Let us take an instance. If we open our best Greek dictionaries, we find that the Greek aug, light, splendor, is compared with the German word for eye, Auge. No doubt every letter in the two words is the same, and the meaning of the Greek word could easily be supposed to have been specialized or localized in German. Sophocles ("Aj."70) speaks of ommatn augai, the lights of the eyes, and Euripides ("Andr." 1180) uses augai by itself for eyes, like the Latin lumina. The verb augaz, too, is used in Greek in the sense of seeing or viewing. Why, then, it was asked, should aug not be referred to the same source as the German Auge, and why should not both be traced back to the same root that yielded the Latin oc-ulus? As long as we trust to our ears, or to what is complacently called common sense, it would seem mere fastidiousness to reject so evident an etymology. But as soon as we know the real chemistry of vowels and consonants, we shrink instinctly from such combinations. If a German word has the same sound as a Greek word, the two words cannot be the same, unless we ignore that independent process of phonetic growth which made Greek Greek, and German German. Whenever we find in Greek a media, ag, we expect in Gothic the corresponding tenuis. Thus the root gan, which we have in Greek gignsk, is in Gothic kann. The Greek gonu, Lat. genu, is in Gothic kniu. If, therefore, aug existed in Gothic it would be auko, and not augo. Secondly, the diphthong au in augo would be different from the Greek diphthong. Grimm supposed that the Gothic augo came from the same etymon which yields the Latin oc-ulus, the Sanskrit ak-sh-i, eye, the Greek osse for oki-e, and likewise the Greek stem op in op-p-a, omma, and oph-th-almos. It is true that the short radical vowel a in Sanskrit, o in Greek, u in Latin, sinks down to u in Gothic, and it is equally true, as Grimm has shown, that, according to a phonetic law peculiar to Gothic, u before h and r is changed to a. Grimm, therefore, takes the Gothic ag for *ah, and this for *uh, which, as he shows, would be a proper representative in Gothic of the Sanskrit ak-an, or aksh-an.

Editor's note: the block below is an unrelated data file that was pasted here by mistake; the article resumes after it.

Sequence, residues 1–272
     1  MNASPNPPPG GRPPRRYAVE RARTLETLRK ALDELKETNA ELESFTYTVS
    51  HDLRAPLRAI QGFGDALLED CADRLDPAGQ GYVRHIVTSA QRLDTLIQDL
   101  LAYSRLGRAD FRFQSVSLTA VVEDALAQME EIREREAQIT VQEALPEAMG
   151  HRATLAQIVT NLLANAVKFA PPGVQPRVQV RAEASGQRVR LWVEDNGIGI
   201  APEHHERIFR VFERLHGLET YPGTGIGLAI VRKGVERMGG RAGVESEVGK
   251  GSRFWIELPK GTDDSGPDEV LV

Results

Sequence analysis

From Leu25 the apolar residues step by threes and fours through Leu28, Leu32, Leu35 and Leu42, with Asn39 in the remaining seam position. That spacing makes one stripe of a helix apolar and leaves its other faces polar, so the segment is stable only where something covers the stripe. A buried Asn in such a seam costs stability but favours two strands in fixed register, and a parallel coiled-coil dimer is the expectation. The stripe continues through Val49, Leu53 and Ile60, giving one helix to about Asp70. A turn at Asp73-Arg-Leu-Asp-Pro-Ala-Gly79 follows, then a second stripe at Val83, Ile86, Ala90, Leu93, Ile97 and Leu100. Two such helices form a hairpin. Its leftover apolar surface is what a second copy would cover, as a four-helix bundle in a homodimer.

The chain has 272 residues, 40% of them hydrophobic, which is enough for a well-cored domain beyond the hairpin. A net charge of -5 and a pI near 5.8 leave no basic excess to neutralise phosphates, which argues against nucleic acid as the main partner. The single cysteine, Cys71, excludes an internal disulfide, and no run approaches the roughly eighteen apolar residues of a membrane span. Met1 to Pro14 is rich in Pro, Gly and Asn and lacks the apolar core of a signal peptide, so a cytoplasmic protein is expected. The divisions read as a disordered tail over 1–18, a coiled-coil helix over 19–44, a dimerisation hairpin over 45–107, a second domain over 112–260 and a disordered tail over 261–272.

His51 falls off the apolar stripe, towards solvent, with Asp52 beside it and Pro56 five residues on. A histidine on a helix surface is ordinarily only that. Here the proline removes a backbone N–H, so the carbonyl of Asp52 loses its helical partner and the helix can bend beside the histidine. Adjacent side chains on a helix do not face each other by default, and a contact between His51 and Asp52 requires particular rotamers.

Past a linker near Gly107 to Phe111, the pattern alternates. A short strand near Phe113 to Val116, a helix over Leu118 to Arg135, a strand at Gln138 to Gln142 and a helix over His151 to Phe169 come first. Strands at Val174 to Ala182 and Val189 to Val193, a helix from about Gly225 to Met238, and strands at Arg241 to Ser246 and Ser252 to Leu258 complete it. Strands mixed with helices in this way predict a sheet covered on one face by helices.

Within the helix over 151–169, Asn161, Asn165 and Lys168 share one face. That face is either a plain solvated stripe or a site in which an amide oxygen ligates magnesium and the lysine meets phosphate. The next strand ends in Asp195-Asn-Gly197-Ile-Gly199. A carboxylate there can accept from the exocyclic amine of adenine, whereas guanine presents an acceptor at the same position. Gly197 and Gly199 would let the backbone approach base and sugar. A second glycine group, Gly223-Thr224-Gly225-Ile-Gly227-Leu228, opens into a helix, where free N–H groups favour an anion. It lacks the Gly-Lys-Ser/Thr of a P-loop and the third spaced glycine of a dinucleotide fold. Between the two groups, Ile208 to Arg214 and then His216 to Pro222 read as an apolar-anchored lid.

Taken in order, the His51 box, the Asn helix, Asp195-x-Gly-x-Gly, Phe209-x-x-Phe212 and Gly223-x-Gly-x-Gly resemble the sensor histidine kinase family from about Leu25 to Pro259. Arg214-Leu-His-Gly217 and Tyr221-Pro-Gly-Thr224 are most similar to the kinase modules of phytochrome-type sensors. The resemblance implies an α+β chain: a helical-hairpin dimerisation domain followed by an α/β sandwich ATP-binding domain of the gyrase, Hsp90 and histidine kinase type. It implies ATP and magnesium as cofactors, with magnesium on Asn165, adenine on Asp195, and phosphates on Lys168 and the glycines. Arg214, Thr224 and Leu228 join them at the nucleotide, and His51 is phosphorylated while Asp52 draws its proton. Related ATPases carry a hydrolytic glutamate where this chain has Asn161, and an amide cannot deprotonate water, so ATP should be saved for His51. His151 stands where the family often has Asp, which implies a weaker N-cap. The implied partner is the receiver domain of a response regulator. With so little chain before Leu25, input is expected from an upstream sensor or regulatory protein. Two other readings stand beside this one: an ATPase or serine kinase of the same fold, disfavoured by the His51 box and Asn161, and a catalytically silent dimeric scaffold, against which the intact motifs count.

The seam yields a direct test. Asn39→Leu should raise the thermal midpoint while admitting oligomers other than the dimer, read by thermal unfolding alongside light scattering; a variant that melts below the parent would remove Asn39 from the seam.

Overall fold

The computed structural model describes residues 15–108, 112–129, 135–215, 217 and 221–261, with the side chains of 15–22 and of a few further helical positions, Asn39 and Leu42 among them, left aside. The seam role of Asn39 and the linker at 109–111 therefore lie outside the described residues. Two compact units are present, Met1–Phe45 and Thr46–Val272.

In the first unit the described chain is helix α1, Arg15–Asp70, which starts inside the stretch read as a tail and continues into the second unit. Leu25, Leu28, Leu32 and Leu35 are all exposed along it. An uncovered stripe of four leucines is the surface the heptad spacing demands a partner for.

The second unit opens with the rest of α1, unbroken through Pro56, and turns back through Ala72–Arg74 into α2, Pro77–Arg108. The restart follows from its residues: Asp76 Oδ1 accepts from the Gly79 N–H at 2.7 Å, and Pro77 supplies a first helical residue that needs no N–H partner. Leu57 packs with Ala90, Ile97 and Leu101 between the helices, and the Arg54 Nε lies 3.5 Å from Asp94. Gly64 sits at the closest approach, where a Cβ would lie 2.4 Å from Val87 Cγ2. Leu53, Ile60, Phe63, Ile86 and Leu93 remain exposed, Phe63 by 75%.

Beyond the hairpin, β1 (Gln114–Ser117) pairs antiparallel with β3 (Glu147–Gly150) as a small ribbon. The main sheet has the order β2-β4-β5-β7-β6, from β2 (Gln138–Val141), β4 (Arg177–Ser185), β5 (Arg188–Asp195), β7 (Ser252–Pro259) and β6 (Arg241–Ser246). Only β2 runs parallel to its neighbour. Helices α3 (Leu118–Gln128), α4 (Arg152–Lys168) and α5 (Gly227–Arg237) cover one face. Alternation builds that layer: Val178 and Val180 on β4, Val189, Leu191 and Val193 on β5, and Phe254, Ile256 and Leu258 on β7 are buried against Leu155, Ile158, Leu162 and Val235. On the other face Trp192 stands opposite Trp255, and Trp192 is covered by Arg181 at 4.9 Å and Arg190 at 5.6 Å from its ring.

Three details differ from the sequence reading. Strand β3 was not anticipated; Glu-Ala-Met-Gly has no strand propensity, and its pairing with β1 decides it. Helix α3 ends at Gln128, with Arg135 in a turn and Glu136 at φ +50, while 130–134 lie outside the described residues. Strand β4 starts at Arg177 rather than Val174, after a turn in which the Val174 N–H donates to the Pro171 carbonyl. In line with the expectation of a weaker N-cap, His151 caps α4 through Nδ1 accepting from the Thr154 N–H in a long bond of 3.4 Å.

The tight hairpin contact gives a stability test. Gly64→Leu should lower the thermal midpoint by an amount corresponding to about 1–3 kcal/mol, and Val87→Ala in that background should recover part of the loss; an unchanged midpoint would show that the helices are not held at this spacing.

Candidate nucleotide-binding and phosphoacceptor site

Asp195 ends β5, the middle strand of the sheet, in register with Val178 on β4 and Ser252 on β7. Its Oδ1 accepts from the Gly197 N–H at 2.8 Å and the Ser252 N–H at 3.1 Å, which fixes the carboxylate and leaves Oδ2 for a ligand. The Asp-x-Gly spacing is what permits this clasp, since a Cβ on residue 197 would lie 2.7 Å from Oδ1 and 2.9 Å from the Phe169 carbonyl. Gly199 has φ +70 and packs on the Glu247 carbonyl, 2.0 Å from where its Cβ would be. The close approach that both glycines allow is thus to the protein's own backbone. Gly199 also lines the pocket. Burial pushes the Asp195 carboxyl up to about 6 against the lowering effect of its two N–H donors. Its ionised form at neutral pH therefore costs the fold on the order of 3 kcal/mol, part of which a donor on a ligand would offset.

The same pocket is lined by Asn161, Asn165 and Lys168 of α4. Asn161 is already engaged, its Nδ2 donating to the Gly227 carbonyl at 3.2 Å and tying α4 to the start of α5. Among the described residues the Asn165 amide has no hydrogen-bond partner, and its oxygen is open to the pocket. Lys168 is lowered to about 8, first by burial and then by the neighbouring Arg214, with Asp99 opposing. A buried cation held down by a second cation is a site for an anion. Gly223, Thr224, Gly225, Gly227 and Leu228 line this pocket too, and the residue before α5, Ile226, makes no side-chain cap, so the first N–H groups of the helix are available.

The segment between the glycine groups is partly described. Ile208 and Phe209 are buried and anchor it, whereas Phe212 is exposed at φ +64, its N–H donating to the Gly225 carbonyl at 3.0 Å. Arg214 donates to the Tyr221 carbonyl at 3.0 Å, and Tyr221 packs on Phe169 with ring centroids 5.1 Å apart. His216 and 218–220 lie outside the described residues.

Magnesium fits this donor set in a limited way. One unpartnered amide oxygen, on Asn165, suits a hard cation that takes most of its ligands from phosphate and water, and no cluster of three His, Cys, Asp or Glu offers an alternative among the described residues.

But here Grimm seems wrong. If the au of aug were this peculiar Gothic a, which represents an original short a, changed to u, and then raised to a diphthong by the insertion of a short a, then that diphthong would be restricted to Gothic; and the other Teutonic dialects would have their own representatives for an original short a. But in Anglo-Saxon we find ege, in Old High German aug, both pointing to a labial diphthong, i.e. to a radical u raised to au.[14]

Professor Ebel,[15] in order to avoid this difficulty, proposed a different explanation. He supposed that the k of the root ak was softened to kv, and that aug represents an original agv or ahv, the v of hv being inserted before the h and changed to u. As an analogous case he quoted the Sanskrit enclitic particle ca, Latin que, Gothic *hva, which *hva appears always under the form of uh. Leo Meyer takes the same view, and quotes, as an analogon, haubida as possibly identical with caput, originally *kapvat.

These cases, however, are not quite analogous. The enclitic particle ca, in Gothic *hva, had to lose its final vowel. It thus became unpronounceable, and the short vowel u was added simply to facilitate its pronunciation.[16] There was no such difficulty in pronouncing *ah or *uh in Gothic, still less the derivative form *ahv, if such a form had ever existed.

Another explanation was therefore attempted by the late Dr. Lottner.[17] He supposed that the root ak existed also with a nasal as ank, and that ank could be changed to auk, and auk to aug. In reply to this we must remark that in the Teutonic dialects the root ak never appears as ank, and that the transition of an into au, though possible under certain conditions, is not a phonetic process of frequent occurrence.